8. Bonnie Raitt

November 8th, 1949: Bonnie Lynn Raitt was born in Burbank, California. The daughter of a Broadway musical star and a pianist, Raitt took up the guitar at a young age, developing a bottleneck style that gained her notice. She was opening for Mississippi Fred McDowell at the Gaslight Cafe in New York in 1970 when a reporter from Newsweek Magazine took notice and began to spread the word about her, garnering her a recording contract and the release of her first album in 1971. An avid political activist, Raitt has been involved in a number of activities across the world, but has also recorded with artists such as Roy Orbison, Jackson Browne, Warren Zevon, John Lee Hooker, Keb’ Mo’ and many others. She has won 10 Grammy Awards and has been nominated for 16 more. She was inducted into the Rock and Roll Hall of Fame in 2000, and the Blues Hall of Fame in 2010.

9. Kokomo Arnold

November 8th, 1968: Left-handed slide Blues guitarist and singer, James “Kokomo” Arnold died of a heart attack in Chicago, Illinois at the age of 67. He was born on February 15th, 1901 in Lovejoy’s Station, Georgia and began playing in the early 1920s as a sideline while he worked as a farmhand in Buffalo, New York, and as a steelworker in Pittsburgh, Pennsylvania, having learned guitar from his cousin, John Wiggs. He moved to Chicago and set up a bootlegging business in 1929, becoming a major player in the Chicago Blues scene along with Peetie Wheatstraw and Bumble Bee Slim. Arnold’s songs were very influential. So much, in fact, that Robert Johnson turned “Old Original Kokomo Blues” (a song Arnold adapted from Scrapper Blackwell’s “Kokomo Blues”) into “Sweet Home Chicago”, “Milk Cow Blues” into “Milkcow’s Calf Blues”, and another Arnold song, “Sagefield Woman Blues”, introduced the line, “dust my broom”, which Johnson used as a song title himself. Arnold recorded 88 sides between 1934 and 1938 when he left music to work in a Chicago factory. He was rediscovered by Blues researchers in 1962 but had no interest in getting back into music, just to play Blues for young, white audiences.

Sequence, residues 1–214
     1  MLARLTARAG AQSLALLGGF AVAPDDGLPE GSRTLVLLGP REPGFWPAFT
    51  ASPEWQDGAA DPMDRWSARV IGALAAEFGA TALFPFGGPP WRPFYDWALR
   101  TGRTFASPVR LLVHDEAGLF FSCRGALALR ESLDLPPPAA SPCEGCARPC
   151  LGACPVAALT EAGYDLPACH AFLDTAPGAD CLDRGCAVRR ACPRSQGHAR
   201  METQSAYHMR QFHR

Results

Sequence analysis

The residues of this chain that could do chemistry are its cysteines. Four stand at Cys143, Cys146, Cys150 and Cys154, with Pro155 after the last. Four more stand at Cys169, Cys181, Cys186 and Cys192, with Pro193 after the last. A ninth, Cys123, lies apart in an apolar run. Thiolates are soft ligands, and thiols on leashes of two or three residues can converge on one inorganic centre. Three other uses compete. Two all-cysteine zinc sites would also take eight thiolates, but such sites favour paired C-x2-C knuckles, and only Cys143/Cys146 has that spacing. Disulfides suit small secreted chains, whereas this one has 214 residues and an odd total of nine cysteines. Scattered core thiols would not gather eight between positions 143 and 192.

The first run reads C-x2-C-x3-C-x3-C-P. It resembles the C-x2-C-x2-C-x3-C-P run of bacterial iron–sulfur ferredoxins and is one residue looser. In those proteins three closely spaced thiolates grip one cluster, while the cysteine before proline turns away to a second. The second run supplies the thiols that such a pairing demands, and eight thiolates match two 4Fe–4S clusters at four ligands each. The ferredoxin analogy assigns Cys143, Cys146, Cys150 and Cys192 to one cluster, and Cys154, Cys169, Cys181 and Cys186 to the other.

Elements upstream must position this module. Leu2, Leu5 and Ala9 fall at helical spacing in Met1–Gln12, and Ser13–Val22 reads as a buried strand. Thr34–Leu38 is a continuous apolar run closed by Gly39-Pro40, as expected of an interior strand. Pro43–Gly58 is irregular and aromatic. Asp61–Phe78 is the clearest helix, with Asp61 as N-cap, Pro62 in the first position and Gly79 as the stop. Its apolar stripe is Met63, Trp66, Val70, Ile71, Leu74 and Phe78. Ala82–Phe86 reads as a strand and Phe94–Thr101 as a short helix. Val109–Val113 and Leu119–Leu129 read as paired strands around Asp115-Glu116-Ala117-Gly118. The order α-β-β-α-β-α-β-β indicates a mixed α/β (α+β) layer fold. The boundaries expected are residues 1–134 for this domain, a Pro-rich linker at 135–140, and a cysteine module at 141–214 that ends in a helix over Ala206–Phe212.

10. Susan Tedeschi

November 9th, 1970: Susan Tedeschi was born in Boston, Massachusetts. She made her first public performance as an understudy in a Broadway musical at age 6. Her vocal influences include Janis Joplin and Bonnie Raitt, while her guitar work is influenced by Buddy Guy, Stevie Ray Vaughan, Freddie King and Doyle Bramhall, II. With a music degree from Berklee, she began performing as an opening act for Guy, B.B. King, Taj Mahal, the Rolling Stones and, in 1999 for the Allman Brothers where she met, and later married guitarist Derek Trucks. Shortly thereafter Tedeschi’s band and Trucks’ band combined and began performing as Soul Stew Revival until in 2010, when they both announced a hiatus from their solo bands, and formed a new group called Tedeschi Trucks Band. She has been nominated for 6 Grammy Awards and won for Best Blues Album in 2012 with the Tedeschi Trucks Band for the album, Revelator.